Words That Have Shaped My Life

Solomon's beautiful proverb tells us that wise words are like “apples of gold in settings of silver.” I would like to suggest that wise deeds and apt responses to life situations are similarly beautiful. Let me share a few of the words of some of those who have shaped the course of my life, in roughly chronological order. Their grace has become not just my example, but who I am.

John Stott, as he preached in Toronto: “You are here so you can learn the secrets of Christian growth and living. Well, there are no secrets. You read the Bible and you pray.” Revolutionary to my husband and me.

 Susan Schaeffer Macaulay at English L'Abri: “Sometimes I realize I haven't really prayed or read the Bible for a couple of weeks . . .” (And how would you, dear Susan, with your service to all of us?) So this really can happen with a sincere Christian? Whew! Now I can look God in the eye again.

And back to L'Abri–English L'Abri this time: “There is nothing more than Christ. No higher wisdom. Nothing more.” I finally “got it.” Sola Scriptura, knowing Christ through Scripture alone, became the bedrock of my life.

On to a little side trip we made to Oxford at this time: The porter of Magdalen College: “Yes, I knew CS Lewis. What do I remember about him? The main thing is how he would always share the food packages he got from America during the days of rationing.” Okay, not his intellect; His character! Always ask the tailors, the grocers, the neighbors . . .

Francis Schaeffer: “If you say something is true, than you have to say that the opposite is not true in order to be faithful to the whole truth of God.” And isn't that when the trouble begins? Always!

Howard, our first pastor: “What you believe about God is a moral issue.” How wonderful to learn that early on in Christian life. Nothing is more important than knowing God as He is, just because that is who He is. A second thing I heard him say, and have never forgotten, is how surprised he was, as he grew as a Christian, at the level of disappointment there is in life. Thank you for your honesty, Howard. Combined with Mrs. Schaeffer's “If you want all or nothing, you get nothing every time,” it has served me well over the years.

Two of the most theologically helpful one-liners ever, came from our second pastor, Mike: “Faith is believing what God says is true.” Brilliantly simple and dead on! Such a deterrent to fanciful thoughts! Also, “Mysticism is trying to know God apart from Scripture.” Bingo! And for the same reason.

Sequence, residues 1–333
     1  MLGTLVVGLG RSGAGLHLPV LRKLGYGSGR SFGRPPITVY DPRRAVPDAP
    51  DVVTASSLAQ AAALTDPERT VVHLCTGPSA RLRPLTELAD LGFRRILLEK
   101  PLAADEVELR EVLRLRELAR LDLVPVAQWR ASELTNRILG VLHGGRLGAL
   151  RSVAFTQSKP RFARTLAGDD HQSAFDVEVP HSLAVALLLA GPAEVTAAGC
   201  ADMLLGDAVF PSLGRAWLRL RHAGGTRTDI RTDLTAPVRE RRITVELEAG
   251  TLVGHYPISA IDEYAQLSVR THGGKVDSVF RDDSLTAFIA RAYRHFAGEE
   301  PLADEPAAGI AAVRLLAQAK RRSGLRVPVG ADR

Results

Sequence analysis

My dear Scottish friend, Flora, has shared much of the wisdom of her own life with me. This wonderful quote from Robert Murray McCheyne, I first heard from her: “For every look at yourself, take ten looks at Christ.” How many times has that saved me from despair? And re-directed me. A second piece of wisdom that I have never forgotten is that “Some men live too long, and in their latter years begin to tear down what they built at first.” Sobering. May that not be me.

A very successful friend who will not be named cried out one night: “I hate this life.” So do I, more often than I want to admit; so do I. But thank you for your wonderful example of working with all your might to use it to God's glory. May I be as faithful.

A shortened form of a conversation I had with my friend, Thea, somewhat older than I, and further ahead in child-raising: “Thea, how do you know whether or not your children are Christians?” Thea: “Well, you don't look at their behavior because children who are loved generally want to please their parents. You look at specifically Christian things. Do they read the Bible and pray? And, Barbara, just ask them! They will know and will tell you the truth.” I did and, in some cases, did not get the answer I wanted. I shed many tears, but it was helpful and necessary for both my children and me.

My friend, Gerda, again a little older and wiser: “Barbara, you have to know your children better than they know themselves. Before they even realize they are turning down a wrong road, you have to be heading them off from it.” Yes, indeed. That has worked well. Thank you, Gerda!

And, finally, my husband, John, who has helped me a thousand times over during the course of our marriage deal with the shock at my own continuing sinfulness. I leave the concluding words to him: “Well, of course. You are a sinner and you sin. What do you expect? Why do you think Christ came?” Thank you, John. That perspective has saved me from despair countless times.

Did you discover God’s Truth today?

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About the Author

Barbara  Challies

Barbara Challies

Barbara Challies is mother to five grown children (including prolific author/blogger Tim Challies) and grandmother to eleven grandchildren. She and her husband John live in Chattanooga, Tennessee.

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